WILMINGTON, N. C., March 17. (mp3) – No one who has business in Fayetteville, N. C., should ever be in a hurry to get there or in haste to get away, for if anybody has gone there in that state of mind, or should go there expecting to arrive and get away speedily, he will be disappointed. A man in a great hurry there would be sadly out of place in one of the serenest villages on the footstool. No one ever is in a hurry there, and the only instance recollected of anybody’s getting away in a hurry is that of the departure of Gen. Joe Johnston with the rebel army, just 18 years ago…
… The visitor who dreads the way out of Fayetteville by rail may leave the place by boat. When David Davis was married here, on Wednesday last, he chose to make the first stage of his wedding journey in this manner, going down the Cape Fear River to Wilmington. The distance is 112 miles, and is traversed by steam-boats almost as antiquated as the fire apparatus which stands idly in the market-place. A boat leaves nearly every day from each end of the route…
… Your correspondent embarked on Thursday morning on the only side-wheeler on the river, the General Worth. A less attractive-looking object than this vessel probably never tied up to shore as a steam-boat. She had no more lines of beauty than a dry goods box, and from bow to stern was in evident need of repair, while her ancient coat of white paint was obscured by soot where it had not been scraped off by hard usage, suggesting the thought that General Worth had gone through a prolonged battle with the elements and been frequently under fire. Twenty-four hours before, David Davis had started with his bride and her friends on one of the stern-wheelers, the only one, by the way, that is tidy and comparatively comfortable for passengers…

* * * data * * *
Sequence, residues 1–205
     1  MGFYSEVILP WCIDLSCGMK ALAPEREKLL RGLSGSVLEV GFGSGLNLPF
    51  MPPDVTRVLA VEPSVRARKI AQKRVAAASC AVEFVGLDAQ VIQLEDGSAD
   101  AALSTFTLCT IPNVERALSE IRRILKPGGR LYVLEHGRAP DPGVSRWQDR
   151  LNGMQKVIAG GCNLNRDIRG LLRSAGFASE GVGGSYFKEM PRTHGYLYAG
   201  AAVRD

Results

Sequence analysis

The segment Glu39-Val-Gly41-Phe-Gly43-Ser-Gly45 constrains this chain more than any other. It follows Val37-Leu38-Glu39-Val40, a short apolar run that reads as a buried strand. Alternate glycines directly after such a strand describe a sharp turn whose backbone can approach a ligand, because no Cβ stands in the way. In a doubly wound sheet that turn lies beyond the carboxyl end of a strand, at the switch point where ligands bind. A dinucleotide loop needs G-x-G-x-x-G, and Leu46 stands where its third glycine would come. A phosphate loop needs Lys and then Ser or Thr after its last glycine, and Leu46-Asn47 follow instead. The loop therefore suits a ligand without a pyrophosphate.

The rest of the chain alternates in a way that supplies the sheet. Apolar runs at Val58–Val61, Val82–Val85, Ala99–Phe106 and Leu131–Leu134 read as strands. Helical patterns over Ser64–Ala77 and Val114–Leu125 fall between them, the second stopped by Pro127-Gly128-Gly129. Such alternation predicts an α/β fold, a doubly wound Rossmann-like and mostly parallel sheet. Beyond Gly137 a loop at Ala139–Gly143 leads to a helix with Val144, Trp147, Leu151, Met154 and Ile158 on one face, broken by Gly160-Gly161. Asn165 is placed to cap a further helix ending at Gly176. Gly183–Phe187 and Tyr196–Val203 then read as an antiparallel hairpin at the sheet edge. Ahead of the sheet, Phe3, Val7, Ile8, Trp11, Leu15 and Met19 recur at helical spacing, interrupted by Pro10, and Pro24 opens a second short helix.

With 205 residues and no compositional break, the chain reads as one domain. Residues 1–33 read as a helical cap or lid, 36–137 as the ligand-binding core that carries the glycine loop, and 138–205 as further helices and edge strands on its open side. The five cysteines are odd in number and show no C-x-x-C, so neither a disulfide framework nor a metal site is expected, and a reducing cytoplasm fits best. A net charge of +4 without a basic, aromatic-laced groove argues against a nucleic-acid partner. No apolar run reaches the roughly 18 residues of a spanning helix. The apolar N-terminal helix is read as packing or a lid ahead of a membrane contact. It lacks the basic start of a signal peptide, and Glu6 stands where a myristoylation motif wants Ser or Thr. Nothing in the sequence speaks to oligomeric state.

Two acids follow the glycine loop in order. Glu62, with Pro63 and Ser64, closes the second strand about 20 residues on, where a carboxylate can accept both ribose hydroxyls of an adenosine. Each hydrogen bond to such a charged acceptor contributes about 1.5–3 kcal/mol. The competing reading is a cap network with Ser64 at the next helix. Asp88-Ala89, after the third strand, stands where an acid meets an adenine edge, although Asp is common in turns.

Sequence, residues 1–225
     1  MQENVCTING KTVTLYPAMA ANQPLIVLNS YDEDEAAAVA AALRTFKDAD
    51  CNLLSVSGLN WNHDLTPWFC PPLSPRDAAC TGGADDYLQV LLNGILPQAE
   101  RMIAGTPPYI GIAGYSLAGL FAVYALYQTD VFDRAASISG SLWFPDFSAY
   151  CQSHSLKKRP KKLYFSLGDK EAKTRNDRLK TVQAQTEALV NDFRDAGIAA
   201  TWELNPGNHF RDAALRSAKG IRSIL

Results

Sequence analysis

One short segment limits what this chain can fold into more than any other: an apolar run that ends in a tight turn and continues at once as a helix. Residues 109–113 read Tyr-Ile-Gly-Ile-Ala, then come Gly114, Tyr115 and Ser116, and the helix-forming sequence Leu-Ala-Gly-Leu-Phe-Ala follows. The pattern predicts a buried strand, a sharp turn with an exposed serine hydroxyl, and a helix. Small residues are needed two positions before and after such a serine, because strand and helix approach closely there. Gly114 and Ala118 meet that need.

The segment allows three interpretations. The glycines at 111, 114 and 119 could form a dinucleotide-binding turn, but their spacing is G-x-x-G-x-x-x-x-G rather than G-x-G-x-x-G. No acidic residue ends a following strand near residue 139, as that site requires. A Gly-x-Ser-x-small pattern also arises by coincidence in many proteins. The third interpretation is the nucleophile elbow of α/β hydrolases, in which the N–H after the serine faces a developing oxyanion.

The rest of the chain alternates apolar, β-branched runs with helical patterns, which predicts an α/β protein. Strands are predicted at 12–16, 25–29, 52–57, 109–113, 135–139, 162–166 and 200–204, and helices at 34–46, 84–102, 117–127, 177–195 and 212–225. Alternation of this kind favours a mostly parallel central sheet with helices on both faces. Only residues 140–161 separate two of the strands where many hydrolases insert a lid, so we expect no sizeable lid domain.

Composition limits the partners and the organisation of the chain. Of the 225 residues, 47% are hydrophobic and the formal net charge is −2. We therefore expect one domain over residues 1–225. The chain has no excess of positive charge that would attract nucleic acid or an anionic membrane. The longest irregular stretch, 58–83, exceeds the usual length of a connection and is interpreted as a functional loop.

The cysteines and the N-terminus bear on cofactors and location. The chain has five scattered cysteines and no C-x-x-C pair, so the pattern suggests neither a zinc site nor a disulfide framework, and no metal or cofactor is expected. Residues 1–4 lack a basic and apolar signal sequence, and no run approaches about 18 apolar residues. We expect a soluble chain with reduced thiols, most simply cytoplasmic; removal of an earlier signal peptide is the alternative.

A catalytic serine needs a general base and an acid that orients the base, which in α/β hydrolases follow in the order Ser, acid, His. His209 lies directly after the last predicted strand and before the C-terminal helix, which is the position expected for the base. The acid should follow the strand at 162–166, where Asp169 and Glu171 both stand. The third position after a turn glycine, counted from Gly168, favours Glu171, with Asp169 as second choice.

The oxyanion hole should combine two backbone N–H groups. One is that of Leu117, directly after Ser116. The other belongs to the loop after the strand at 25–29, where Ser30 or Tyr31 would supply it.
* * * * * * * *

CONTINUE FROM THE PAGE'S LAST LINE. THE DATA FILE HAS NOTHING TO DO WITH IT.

[The New York Times – March 19, 1883]
RIVER AND MARINE.
— Capt. Smith, of the steamer D. Murchison, reports that there had been a rise of about twenty-five feet in the river up to the time he left Fayetteville Tuesday morning, and that it was still rising slowly.
[Wilmington Morning Star – Thursday, March 29, 1883]
NOTES: I love the NY Times’ article for several reasons:
First, it is an excellent prelude to reading the story of “Miss Erambert of Richmond, Virginia“. If you were travelling from Richmond to Fayetteville, and then on to Wilmington, NC by boat, the article provides a roadmap for your journey. That it was written just 3 years prior to Miss Erambert’s adventure means that very little might have changed between the two jaunts.
Secondly, I love the unflattering, unromanticised portrayal of the towns, the boats, and the journey. Whether intentional, or just inattention to detail, the writer’s naming of the steamer, the “General Worth” instead of her actual name, the “Governor Worth,” tells as much about the writer as it does about what he is describing.